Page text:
MLB - Celestino went from AA to MLB in the span of two days, and unsurprisingly looked shaky at the plate. He needs more time to work on his bat, but 2022 will be his final option year (had to be protected from Rule 5 draft). It'd be nice to use Celestino as a Buxton substitute.
    #7 - SP Cole Sands (#12)
    AA - Like Winder, Sands looked very good at AA, albeit with a few too many walks. Unfortunately, he's on the IL with an undisclosed injury.
    #6 - OF/1B Matt Wallner (#8)
    A+ - Wallner was hitting at a ridiculous 1.005 OPS (.333/.384) before hitting the IL with a hamate bone injury. He did have a 38% K rate in that small sample size.
    #5 - 3B Jose Miranda (#17)
    AA - I mentioned last time that Miranda needed to take a big step forward, and that's exactly what he did. With an insane 1.0006 OPS (.348/.415), 12 HRs, and a microscopic 10% K rate, Miranda looks like the real deal despite his struggles in the lower minors. It's fair to debate if he can stay at 3B full-time, but his bat looks like it has MLB staying power.
    #4 - SP Matt Canterino (#11)
    A+ - Canterino looked flat-out unhittable until hitting the IL with elbow issues. Hope for the best, everyone.
    #3 - SP Jhoan Duran (#5)
    AAA - Duran has struggled with injuries and command so far, and has now been shut down with an elbow problem. This is looking like a lost season.
    #2 - SP Jordan Balazovic (#6)
    AA - After missing time with a back problem, Balazovic is ramping up and has been a bit shaky. He has nasty stuff, but needs to get more innings under his belt.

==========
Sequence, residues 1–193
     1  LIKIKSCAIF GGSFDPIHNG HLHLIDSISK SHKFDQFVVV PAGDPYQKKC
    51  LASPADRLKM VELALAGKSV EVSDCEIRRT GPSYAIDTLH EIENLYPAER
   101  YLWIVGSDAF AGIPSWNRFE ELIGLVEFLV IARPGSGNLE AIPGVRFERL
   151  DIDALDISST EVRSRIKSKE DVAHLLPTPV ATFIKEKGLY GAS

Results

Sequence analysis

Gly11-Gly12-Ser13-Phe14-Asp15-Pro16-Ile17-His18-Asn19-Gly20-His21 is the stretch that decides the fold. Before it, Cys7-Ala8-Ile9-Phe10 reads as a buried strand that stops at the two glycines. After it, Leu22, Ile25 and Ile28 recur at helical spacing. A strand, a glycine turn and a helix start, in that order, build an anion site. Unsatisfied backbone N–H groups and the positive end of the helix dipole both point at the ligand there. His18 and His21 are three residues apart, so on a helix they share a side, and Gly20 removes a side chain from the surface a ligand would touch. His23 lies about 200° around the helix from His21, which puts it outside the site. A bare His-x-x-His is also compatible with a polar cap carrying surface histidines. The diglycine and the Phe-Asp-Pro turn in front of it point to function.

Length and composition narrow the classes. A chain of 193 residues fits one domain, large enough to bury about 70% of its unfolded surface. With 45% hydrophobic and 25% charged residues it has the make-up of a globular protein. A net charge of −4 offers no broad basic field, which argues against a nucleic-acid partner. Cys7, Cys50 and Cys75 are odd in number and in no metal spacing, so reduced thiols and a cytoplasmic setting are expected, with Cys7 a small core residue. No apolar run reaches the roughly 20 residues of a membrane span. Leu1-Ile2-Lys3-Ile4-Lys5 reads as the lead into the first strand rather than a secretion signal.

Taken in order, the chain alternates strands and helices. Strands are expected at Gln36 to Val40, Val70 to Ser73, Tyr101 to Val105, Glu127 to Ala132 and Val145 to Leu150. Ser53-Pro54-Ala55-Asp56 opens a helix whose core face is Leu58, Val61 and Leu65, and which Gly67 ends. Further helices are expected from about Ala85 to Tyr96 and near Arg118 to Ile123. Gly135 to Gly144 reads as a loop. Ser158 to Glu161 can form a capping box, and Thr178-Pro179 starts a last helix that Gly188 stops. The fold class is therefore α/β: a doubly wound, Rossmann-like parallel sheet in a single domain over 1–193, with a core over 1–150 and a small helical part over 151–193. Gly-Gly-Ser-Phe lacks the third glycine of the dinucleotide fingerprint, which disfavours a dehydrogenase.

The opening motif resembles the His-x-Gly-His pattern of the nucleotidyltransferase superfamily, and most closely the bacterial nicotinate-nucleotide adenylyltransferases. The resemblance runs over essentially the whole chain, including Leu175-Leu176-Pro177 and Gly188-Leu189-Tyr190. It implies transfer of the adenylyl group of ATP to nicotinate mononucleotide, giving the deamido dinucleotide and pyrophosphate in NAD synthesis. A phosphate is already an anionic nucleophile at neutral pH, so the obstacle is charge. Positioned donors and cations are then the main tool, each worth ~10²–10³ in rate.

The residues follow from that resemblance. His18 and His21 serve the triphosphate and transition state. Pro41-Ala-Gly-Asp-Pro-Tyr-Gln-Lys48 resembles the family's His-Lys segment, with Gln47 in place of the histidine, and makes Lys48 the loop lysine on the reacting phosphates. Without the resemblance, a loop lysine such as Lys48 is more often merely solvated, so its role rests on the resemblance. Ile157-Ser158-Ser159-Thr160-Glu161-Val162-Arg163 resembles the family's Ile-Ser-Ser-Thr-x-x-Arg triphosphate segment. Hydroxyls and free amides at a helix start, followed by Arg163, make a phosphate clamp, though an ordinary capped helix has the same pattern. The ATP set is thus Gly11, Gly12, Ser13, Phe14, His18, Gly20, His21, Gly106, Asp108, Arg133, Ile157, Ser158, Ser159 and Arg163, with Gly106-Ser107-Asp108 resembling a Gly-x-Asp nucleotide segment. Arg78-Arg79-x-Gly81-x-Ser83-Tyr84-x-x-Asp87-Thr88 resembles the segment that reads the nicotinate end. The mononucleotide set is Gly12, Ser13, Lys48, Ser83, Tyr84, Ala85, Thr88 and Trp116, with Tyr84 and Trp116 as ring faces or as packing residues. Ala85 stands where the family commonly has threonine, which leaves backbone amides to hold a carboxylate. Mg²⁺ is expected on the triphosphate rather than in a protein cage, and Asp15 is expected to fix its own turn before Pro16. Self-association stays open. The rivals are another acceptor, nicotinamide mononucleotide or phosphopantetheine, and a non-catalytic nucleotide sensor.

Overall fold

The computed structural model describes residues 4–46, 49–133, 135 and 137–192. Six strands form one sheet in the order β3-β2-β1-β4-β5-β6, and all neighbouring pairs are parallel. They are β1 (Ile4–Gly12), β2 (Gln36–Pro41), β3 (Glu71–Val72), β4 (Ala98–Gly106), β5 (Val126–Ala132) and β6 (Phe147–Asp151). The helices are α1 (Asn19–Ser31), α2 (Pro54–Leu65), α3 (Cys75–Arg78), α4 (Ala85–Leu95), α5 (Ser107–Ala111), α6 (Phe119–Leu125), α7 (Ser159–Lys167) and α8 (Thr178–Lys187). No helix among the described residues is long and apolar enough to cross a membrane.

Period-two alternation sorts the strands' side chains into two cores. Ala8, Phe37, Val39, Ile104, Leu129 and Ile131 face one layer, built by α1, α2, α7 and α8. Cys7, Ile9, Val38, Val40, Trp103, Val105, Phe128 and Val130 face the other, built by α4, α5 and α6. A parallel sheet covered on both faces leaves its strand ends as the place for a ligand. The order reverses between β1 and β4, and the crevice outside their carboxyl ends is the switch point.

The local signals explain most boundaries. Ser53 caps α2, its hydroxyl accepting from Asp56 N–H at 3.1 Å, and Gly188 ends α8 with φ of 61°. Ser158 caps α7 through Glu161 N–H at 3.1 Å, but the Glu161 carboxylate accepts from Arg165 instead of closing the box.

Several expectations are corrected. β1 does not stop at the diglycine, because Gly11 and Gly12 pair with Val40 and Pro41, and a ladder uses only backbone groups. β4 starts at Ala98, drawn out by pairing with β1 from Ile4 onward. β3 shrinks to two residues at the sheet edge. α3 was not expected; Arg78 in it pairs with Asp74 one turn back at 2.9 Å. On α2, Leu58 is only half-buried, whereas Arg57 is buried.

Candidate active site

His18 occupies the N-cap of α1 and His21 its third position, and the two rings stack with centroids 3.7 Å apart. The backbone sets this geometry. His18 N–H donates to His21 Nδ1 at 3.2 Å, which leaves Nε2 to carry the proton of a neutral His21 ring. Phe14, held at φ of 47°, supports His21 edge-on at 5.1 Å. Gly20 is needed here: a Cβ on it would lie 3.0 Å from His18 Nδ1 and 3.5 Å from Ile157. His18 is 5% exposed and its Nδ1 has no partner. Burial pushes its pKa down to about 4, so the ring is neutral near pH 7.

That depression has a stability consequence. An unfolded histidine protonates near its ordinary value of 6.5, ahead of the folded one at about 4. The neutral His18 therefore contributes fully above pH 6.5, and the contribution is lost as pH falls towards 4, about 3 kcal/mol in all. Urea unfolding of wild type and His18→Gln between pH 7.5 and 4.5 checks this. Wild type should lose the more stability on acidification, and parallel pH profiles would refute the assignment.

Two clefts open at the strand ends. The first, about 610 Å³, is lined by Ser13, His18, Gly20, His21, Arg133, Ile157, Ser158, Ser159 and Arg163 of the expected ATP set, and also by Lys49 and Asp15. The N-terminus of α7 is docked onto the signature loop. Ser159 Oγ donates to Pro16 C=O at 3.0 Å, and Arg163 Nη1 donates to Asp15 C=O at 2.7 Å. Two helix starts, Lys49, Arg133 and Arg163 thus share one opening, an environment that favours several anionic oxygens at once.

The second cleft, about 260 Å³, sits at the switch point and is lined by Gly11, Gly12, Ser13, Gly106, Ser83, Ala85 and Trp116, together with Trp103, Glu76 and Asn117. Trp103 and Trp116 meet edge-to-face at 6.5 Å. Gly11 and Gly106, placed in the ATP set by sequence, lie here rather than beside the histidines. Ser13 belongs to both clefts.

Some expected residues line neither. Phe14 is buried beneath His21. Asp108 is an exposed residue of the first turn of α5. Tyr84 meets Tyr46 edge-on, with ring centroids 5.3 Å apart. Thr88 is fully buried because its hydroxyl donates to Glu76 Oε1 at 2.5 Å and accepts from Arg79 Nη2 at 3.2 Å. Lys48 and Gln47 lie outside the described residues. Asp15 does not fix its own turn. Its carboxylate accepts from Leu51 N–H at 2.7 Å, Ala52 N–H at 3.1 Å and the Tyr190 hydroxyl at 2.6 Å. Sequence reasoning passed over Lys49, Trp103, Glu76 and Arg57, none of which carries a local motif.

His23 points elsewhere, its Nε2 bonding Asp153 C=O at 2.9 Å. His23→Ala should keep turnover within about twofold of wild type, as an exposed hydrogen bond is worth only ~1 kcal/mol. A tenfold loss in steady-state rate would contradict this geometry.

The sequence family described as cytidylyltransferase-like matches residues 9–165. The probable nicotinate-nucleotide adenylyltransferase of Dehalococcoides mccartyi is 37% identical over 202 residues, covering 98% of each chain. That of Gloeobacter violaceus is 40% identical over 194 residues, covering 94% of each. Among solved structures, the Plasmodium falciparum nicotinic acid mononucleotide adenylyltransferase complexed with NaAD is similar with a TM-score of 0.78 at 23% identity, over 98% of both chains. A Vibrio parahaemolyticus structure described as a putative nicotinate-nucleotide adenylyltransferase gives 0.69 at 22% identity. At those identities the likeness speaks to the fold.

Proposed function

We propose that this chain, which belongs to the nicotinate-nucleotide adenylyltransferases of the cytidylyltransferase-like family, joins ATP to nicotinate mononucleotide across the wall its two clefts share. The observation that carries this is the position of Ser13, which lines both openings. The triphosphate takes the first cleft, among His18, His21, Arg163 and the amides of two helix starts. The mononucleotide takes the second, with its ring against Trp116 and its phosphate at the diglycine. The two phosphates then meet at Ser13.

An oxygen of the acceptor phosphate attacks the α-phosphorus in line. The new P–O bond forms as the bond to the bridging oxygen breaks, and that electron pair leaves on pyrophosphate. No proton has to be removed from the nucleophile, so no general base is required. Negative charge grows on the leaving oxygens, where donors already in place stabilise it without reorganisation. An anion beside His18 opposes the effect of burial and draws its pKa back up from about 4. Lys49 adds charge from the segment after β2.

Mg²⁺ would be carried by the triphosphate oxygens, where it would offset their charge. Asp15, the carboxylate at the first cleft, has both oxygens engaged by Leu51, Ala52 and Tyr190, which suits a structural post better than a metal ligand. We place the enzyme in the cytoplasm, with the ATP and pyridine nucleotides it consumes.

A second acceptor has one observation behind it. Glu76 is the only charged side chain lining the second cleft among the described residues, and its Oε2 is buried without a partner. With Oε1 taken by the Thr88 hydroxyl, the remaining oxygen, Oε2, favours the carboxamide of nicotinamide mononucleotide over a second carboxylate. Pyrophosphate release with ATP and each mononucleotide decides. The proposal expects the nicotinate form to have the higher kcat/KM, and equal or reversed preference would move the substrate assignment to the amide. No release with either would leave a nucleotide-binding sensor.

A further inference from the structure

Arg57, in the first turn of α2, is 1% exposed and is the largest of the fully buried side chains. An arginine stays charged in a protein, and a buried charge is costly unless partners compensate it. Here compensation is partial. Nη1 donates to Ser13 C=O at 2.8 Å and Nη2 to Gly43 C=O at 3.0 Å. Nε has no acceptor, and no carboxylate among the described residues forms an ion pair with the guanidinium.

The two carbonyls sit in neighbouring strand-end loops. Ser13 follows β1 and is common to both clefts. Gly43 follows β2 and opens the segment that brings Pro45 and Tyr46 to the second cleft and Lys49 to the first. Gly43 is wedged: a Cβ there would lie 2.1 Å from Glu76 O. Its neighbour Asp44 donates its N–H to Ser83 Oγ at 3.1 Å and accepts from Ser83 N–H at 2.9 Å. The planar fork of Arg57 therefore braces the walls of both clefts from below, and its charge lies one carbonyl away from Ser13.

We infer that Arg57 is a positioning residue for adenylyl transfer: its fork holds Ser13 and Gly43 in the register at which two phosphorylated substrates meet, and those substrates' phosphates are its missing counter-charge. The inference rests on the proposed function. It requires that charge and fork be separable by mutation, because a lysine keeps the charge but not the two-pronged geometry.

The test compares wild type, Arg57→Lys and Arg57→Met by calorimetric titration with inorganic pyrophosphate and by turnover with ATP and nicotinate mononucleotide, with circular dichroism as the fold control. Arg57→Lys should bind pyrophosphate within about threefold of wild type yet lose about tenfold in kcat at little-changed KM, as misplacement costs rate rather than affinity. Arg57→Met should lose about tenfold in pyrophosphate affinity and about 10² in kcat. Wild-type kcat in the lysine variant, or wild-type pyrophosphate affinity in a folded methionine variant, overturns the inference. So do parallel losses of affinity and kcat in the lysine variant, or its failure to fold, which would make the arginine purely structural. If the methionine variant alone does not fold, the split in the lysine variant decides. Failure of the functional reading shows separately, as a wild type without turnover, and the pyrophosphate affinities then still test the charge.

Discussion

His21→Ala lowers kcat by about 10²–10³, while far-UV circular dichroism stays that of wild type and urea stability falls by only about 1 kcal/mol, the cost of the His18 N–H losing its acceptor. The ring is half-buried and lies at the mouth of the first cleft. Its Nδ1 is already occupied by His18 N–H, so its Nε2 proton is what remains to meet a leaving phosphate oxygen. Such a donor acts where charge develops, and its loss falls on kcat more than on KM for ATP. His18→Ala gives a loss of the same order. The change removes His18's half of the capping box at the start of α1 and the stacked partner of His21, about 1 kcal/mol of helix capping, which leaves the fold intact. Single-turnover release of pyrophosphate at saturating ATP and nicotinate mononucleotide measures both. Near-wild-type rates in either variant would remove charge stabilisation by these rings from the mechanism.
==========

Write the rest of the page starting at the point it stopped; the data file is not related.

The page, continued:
#1 - SS/CF Royce Lewis (#4)
    Torn ACL - With my top three graduated, Lewis took over the top spot, but of course blew his ACL in Spring Training. He should be ready for the 2022 season where he will likely start in AAA. 

    Rule 5 Eligible Prospects for Winter 2021:
    Royce Lewis
    Jermaine Palacios
    Jose Miranda
    Josh Winder
    Cole Sands
    Wander Javier
    Gabriel Maciel
    Blayne Enlow
  4. Danchat
    #8 - Matt Wallner OF (1st Round 2019, Southern Miss)
    Another bat-first prospect, Wallner has some serious power behind his bat after hitting 58 HRs at Southern Mississippi (in just 872 PAs!). He did alright at Elizabethton, and his main concern as a hitter will be limiting the strikeouts. Defensively he's a subpar runner and will be limited to corner OF, if not 1B. He also pitched part-time in college, which means he's got the arm to throw out runners.
    #7 - Brent Rooker 1B (1st Round 2017, Miss State)
    Rooker's very similar to Sabato and Wallner, but unlike them, he's ready to play in the majors. He did well in his first week of games in the majors before fracturing his wrist on a pitch, and we saw a glimpse into his upside. He's got the power to hit 25+ HRs a season and his batting average did not suffer much in the minors. Strikeouts will be a concern, as he had a dangerously high 33.8% strikeout rate at AAA. Despite that he still hit .928 OPS with a super strong .399 OBP. Defensively, he really shouldn't be playing in the outfield. He hasn't played a ton of 1B, but hopefully he's given plenty of practice there because that would be an ideal place to end up. Otherwise he'll be a DH his whole career.
    #6 - Jordan Balazovic RHP (5th Round 2016, HS)
    The Twins have gone through a drought of starting pitcher prospects for at least 10 years, and have been desperate to get a guy like Balazovic up and going. He mowed through Fort Myers A+ in 2019 with a strong 2.84 ERA, a phenomenal K/9 rate (11.8) without a bad BB/9 rate (2.6). He uses a strong mix of a 94-95 MPH fastball that acts a sinker, and sprinkles in similar-looking curveballs and sliders. He needs to get more innings under his belt and I don't think he profiles as a #1 or #2 starter, but he has a clean injury history and he'll likely be starting in AA at the young age of 21. Balazovic has a bright future in the big leagues if he continues down the path he's headed.
    #5 - Jhoan Duran RHP (International from Dominican Republic, acquired in 2018 trade)